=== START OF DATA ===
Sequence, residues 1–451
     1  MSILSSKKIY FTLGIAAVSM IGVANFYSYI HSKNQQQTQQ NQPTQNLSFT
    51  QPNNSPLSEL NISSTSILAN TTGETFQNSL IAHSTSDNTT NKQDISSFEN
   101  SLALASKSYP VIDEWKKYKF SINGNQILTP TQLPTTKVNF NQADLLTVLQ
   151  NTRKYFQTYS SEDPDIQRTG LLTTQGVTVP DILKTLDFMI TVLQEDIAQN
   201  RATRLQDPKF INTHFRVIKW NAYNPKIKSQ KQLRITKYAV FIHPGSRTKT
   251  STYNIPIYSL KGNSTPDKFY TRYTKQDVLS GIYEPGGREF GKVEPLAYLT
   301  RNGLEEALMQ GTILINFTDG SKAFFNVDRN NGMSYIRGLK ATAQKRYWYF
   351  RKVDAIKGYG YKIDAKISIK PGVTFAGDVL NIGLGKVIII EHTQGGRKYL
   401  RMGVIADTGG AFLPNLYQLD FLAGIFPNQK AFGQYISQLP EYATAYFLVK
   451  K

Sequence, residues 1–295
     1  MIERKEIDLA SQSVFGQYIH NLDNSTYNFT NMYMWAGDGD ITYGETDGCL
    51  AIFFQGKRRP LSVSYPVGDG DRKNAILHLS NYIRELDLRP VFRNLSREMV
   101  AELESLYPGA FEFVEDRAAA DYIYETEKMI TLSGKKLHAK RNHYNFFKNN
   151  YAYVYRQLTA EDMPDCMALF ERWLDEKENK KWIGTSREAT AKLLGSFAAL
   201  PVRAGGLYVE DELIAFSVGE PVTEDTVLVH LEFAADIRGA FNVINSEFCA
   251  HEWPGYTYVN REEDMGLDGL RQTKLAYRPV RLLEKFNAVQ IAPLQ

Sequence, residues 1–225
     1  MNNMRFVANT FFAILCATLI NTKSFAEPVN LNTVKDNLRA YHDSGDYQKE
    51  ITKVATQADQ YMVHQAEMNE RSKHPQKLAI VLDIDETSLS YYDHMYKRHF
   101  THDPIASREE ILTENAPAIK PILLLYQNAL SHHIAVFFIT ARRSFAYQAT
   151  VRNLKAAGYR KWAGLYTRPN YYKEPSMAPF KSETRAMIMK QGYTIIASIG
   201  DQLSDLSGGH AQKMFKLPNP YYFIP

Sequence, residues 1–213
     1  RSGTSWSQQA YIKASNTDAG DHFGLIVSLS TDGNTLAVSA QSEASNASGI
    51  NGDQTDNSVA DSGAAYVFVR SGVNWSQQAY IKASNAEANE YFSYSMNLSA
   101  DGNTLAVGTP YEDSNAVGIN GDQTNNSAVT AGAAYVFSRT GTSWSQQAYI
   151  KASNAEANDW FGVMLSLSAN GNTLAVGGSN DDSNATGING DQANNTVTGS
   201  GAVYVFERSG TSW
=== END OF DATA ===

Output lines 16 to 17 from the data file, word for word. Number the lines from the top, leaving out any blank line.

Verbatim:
   151  YAYVYRQLTA EDMPDCMALF ERWLDEKENK KWIGTSREAT AKLLGSFAAL
   201  PVRAGGLYVE DELIAFSVGE PVTEDTVLVH LEFAADIRGA FNVINSEFCA